UniBone - Software

Parent Category: Projects Category: UniBone Written by Administrator



A UniBone application (emulated device, test logger, device tester, SimH) always consists of voluminuous C logic programs, plus a high speed signal processing core.

Target is to make a clean API to the signal processing PRUs, so end user only have to deal with their application in the future.

I first planned for a custom kernel module (aka device driver) to interface to the PRUs, but that's not necessary. However, you can always write a "/dev/unibus" kernel module, if you're a fan of additional software layers.

Even if PRUs work in UNIBUS-real-time, device emulationg applications will be much slower. The code is fast, but routing data through several abstraction layers can be slow. For example, if a PDP-11 writes into some emulated "disk controller register", this may trigger lot of work on the application side. Luckily UNIBUS is asynchron, we can hold the BUS in a waiting state (but not too long, else a BUS TIMEOUT appears).

Critical is the latency, between an BSU cycle which writes into some device register, and the time the user code starts operation. keywords: "UIO interrupt latency".



System environment

For the BBB, UniBone is a "cape". So it has the cape EEPROM with an id for the "cape manager" service, which activates the correct "device tree overlay". A DTO is a file which activates the PRUs (loads their device driver), and sets the correct pin multiplexing. Pinmux routes the logical PRU GPIO pins to physical BeagleBone header pins.

If the PRUs are enabled, their device driver module "uio_pruss" is loaded. It is accessed by the "prussdrv" API, which provides functions to start/stop a PRU, download code, use events and share memory. I had to try several Debian kernels, until I got it working. Now I use:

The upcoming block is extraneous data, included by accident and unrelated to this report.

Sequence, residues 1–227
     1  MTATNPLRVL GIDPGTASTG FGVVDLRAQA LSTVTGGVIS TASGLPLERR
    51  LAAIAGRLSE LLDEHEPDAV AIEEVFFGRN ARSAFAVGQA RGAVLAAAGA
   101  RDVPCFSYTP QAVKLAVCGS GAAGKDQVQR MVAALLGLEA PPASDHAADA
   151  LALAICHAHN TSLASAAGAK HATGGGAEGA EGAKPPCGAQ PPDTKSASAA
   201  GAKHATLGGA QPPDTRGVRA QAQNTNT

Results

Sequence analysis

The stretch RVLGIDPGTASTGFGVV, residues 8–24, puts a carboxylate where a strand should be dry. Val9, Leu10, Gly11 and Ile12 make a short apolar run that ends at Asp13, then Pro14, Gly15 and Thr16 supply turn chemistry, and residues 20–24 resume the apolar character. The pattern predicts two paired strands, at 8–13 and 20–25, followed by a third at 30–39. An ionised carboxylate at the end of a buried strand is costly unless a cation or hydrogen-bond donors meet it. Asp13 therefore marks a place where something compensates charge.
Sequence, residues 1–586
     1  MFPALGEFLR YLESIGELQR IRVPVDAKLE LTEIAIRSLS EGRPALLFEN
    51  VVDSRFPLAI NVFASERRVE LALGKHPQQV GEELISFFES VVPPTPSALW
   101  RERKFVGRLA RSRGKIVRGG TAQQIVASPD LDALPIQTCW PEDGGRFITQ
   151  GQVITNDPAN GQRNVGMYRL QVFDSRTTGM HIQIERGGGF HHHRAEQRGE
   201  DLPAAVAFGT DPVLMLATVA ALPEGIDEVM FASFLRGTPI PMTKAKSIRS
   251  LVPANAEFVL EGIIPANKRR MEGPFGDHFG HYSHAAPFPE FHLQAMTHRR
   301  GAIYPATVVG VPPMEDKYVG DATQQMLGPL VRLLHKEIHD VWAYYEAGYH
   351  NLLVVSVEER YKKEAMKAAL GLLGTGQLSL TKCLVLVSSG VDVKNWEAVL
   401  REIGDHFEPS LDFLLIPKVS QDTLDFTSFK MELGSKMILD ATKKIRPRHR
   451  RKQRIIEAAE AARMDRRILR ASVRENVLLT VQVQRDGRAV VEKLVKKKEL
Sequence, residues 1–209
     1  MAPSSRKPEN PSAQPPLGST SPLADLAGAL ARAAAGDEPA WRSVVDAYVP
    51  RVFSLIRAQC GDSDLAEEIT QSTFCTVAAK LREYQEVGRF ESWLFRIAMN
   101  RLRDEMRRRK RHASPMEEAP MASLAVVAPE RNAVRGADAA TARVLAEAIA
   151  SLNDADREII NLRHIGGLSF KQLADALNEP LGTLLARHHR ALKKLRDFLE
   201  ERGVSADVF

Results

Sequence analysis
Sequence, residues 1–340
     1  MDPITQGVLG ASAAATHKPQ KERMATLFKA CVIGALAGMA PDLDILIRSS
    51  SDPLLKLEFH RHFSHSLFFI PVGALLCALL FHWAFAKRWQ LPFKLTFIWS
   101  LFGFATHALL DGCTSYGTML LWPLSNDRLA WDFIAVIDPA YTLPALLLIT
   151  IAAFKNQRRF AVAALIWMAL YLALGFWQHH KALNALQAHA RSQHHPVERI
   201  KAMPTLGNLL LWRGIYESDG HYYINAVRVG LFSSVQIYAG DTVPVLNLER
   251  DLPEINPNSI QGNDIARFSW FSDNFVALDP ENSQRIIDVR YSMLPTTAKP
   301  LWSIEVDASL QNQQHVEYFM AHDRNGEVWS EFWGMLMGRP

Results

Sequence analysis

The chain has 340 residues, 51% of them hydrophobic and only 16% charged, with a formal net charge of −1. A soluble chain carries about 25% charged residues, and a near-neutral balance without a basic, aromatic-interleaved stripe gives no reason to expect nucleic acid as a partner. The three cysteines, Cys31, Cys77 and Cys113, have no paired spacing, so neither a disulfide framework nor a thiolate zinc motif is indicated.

# uname -a
Linux unibone 4.9.100-bone-rt-r10 #1 PREEMPT RT Fri May 18 06:12:58 UTC 2018 armv7l GNU/Linux

However, with this kernel I lost the automatic activation of the cape device tree overlay. Could patch it quick and dirty.

And as usual under Linux: the moment you get something complicated working, G**gle hits start appearing saying "the <finally_I_got_it_working> API is now superseded by the <much_cooler_and_completly_different> mechanism ..."

In this case: don't use "UIO", the "remoteproc" interface is now standard to communicate with the PRUs. Maybe. Work on the PRUs is in progress.


Toolchains, toolchains

User code on the ARM is developed on a Ubuntu PC-host under Eclipse. So we need a crosscompiler, to generate ARM code on an x64 host. And remote-debugging was setup, allowing to visually debug code running on the tiny BBB.

Long time the BBB-PRUs were programmed in an assembler language, even the famous book of Derek Molloy does it. But Texas Instruments has a rich C-compiler environment, with some examples. Its really worth the additional learning time.

The PRU compiler is named "clpru". The generated C-code is written as an C-array (yes, "uint32_t code[]"), and included in the ARM user application, which loads the code into the PRUs and starts execution. So the binary of the PRU compiler is a source file in the ARM enironment. So in fact we have a double-long toolchain here.

Interaction between ARM and PRUs is over shared memory and interrupts. You have a lot to learn to set these up the right way.

Few people seem to use the PRUs (or only few are talking about it), web hit rate is very sparse. Almost no example code! There is only one TI example for each base mechanism:

  • toggle GPIOs,
  • read/write a shared memory mailbox area
  • signal and interrupt event.

I needed weeks to setup the toolchains perfectly and get examples with basic infrastructure tests running.

1st real world operation

As a first test, I wrote a plain C application, which does GPIO bit-banging with memory-mapped GPIOs (forget the system-filesystem /sys/class/gpio interface!). With memory-mapped GPIO, we can toggle GPIOs at 2.5 MHz, so the fastestes usermode GPIO access is 25 times slower than the PRUs!

UniBone was mounted in a DEC DD11-CK 4-slot backplane from a PDP-11/34, I added terminators and a 256 KB memory card.

unibone in dd11

Then  I wrote a "memory-test" software, exercising each cell in the 18-address-bit memory range with DATI and DATO read/write cycles. UniBone is bus master.

This "memory-test" in fact tests the register logic on the UniBone.

Signals ware also watched by UNIBUS signal adapter, build with a special board and a logic analyzer years ago. The final setup is impressive, could be used in a "mad scientist" movie scene:

unibone workplace

As I did not used PRU software, access to UNIBUs is quite slow: a DATI or DATO cycle needs approx. 10 microsecs this way. Even in 1969 DEC reached 1 microsec, so we really have to get faster!